In their ongoing quest to revive and preserve ancestral grains, a Clemson University scientist and his collaborators have begun the process of restoring a nearly extinct variety of wheat that traces its American roots to the 1700s.
Purple Straw is the only heirloom wheat to have been cultivated continually in the South from the Colonial Period into the last quarter of the 20th century. While most other ancestral varieties of wheat were annihilated in the 19th century by a multipronged assault of pestilence and pathogens, Purple Straw continued to thrive. Perhaps, this was due to it being a short-growing winter wheat that matured before it could be seriously threatened.
Ironically, Purple Straw’s fall into disfavor came not from disease or infestation but rather from the rise of modern hybrid wheats and foreign introductions that were genetically designed for disease resistance, grain size and massive production using petroleum-based fertilizers. Even if fully restored, Purple Straw will not be able to compete with these hybrids when it comes to quantity, but it will stand out admirably in terms of flavor and nutrition.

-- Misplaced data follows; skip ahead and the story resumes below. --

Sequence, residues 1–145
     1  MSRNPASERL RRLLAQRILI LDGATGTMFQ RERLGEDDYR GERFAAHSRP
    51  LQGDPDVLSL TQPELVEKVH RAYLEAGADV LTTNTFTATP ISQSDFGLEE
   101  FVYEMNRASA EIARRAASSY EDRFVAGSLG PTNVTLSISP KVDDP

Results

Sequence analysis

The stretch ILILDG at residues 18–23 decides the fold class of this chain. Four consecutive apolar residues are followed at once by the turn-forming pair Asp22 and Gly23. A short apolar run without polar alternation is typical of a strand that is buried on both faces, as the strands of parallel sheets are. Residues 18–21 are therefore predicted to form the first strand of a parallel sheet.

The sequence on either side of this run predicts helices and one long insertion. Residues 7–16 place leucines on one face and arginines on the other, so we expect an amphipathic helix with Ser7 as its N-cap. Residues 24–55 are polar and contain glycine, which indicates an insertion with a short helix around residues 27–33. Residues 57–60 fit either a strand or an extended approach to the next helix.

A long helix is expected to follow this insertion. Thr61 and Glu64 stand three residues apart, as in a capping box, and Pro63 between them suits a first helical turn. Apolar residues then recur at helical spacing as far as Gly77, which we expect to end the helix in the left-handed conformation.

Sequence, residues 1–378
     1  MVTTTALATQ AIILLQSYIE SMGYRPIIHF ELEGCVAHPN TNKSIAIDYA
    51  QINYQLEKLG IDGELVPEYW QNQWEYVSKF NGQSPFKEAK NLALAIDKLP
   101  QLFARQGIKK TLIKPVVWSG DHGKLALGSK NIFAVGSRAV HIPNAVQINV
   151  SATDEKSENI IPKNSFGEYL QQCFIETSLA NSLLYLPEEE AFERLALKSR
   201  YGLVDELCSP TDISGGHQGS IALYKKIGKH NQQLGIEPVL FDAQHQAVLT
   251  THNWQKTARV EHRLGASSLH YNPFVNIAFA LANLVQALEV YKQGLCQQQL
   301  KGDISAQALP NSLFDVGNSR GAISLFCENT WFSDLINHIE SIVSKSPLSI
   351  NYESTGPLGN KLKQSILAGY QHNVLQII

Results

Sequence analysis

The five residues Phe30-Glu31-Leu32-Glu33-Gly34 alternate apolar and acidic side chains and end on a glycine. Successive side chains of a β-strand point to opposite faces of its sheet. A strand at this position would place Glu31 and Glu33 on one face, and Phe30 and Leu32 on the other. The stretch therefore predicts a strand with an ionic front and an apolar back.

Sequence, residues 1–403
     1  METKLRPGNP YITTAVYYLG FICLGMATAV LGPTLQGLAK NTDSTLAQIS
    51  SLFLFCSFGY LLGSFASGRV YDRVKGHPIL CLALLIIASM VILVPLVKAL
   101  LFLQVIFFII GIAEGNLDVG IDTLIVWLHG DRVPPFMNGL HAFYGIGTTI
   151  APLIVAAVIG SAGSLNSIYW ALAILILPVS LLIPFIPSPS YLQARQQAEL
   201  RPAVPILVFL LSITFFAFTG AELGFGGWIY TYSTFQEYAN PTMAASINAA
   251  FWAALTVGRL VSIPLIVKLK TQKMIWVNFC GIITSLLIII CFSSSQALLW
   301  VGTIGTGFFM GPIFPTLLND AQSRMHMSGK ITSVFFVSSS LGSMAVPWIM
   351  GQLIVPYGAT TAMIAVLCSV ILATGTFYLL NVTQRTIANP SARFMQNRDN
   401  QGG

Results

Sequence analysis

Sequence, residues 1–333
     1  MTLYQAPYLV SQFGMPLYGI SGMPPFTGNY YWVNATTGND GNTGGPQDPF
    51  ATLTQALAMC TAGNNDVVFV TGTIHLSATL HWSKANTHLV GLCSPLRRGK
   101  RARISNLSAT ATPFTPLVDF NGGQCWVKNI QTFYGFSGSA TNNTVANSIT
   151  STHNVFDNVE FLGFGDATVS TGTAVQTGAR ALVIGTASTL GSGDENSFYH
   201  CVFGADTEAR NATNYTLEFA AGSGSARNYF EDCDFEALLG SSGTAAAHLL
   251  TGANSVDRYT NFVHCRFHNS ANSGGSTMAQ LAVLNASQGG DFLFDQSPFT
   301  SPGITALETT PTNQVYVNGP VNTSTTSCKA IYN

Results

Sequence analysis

“Purple Straw had certain culinary qualities that impressed people from the first,” said South Carolina food historian David Shields, who is the author of “Southern Provisions: The Creation and Revival of a Cuisine.” “It has a purplish stem and husk – hence its name. But it’s a high-protein, low-gluten wheat that mills white and is soft and easily handled, making it great for whiskey, cake flour and biscuits. And of course, what’s more Southern than whiskey, cake and biscuits?”